What are some of the ESG practices that you have enacted in your operations – particularly with regard to tailings management?
To be clear, we are a development company today without mining operations, so our focus is on responsible exploration and development activities. In this area we have worked with our local Indigenous communities to ensure that we maintain good relations, and have led a process to reduce the impact of transportation into our general project area. The uncontrolled access in past years has been a significant issue for our communities, so we were pleased to take the lead on developing a new regulated approach.
Our tailings management facility is designed to world-class safety standards. Our design uses more expensive centre-line construction (where the dam is built vertically) rather than the upstream construction (where the dam is built on top of tailings materials) which has been found to be a causal issue in some of the recent tailings failures globally. We are not planning to construct our tailings facility out of the tailings themselves, which has been done as a cost saving measure in many facilities.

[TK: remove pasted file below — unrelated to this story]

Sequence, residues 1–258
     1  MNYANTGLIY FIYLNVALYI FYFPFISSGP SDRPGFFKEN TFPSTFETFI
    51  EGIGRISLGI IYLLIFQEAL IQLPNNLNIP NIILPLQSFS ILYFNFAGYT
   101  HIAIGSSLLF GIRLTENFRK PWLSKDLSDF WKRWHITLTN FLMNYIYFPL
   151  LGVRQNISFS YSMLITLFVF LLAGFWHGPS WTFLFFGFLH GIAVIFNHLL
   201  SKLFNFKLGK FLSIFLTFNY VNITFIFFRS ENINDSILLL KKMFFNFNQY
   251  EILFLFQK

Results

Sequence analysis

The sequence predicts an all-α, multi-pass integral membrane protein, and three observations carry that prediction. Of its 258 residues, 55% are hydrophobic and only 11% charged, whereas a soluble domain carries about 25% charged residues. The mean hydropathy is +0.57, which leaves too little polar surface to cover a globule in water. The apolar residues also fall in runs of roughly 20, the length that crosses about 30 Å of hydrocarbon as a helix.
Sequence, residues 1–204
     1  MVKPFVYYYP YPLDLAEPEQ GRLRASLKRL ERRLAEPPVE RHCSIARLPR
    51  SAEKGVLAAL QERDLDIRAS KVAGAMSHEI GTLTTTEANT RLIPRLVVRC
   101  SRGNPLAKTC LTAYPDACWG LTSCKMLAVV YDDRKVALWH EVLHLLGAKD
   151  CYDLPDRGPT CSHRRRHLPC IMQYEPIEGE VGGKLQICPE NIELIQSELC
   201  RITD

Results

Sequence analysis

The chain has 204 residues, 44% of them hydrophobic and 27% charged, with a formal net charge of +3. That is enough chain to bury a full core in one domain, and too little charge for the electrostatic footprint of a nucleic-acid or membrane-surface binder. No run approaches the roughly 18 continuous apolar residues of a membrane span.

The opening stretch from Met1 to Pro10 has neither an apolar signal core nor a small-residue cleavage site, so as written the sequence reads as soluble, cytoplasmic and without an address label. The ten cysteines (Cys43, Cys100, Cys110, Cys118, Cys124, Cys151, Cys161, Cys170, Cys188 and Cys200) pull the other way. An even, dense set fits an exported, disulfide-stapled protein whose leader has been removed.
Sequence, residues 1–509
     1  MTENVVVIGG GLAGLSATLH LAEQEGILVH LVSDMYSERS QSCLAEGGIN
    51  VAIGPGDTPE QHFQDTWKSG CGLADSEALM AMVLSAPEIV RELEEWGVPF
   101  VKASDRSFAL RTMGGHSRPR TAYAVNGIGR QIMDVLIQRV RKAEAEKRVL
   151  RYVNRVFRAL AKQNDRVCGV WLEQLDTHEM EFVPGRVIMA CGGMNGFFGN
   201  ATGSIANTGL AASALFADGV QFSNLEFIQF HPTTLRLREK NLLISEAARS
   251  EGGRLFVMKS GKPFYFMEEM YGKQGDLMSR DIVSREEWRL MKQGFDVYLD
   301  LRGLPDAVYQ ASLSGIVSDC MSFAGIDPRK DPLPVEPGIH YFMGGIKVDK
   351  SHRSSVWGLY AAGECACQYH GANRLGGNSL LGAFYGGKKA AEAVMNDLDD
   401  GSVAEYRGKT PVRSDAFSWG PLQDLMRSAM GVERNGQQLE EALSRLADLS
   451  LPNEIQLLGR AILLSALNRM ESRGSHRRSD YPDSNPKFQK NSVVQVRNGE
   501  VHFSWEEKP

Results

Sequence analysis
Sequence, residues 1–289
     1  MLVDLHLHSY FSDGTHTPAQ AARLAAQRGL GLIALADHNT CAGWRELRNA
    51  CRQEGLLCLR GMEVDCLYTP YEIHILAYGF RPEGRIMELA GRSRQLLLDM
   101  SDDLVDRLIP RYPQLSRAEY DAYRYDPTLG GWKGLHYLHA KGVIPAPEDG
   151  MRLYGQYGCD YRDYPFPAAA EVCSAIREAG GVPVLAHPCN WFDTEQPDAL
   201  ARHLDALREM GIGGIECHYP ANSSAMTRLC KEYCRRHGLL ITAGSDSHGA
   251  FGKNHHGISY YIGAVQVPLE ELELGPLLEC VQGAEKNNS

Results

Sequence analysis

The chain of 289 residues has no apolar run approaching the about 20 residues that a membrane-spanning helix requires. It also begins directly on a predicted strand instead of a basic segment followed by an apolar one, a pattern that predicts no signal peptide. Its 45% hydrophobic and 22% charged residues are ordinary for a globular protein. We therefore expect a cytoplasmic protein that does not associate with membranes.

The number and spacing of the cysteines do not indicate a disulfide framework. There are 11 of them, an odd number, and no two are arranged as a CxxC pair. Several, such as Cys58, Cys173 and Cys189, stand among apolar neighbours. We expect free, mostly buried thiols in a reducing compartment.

As the natural reaction of the tailings minerals with CO2 to lock up the greenhouse gas in new minerals requires a large exposed area, we are planning to spread our ground silicate rock tailings across our planned footprint from the outset, creating large shallow beaches which will maximize the absorption of CO2 from the atmosphere into the tailings. As the CO2 is absorbed from the atmosphere and locked up, the new minerals help cement the ground rock particles together, which ultimately reduces the risk posed by the tailings facility.
For more information about Giga Metals Corporation, please visit https://gigametals.com/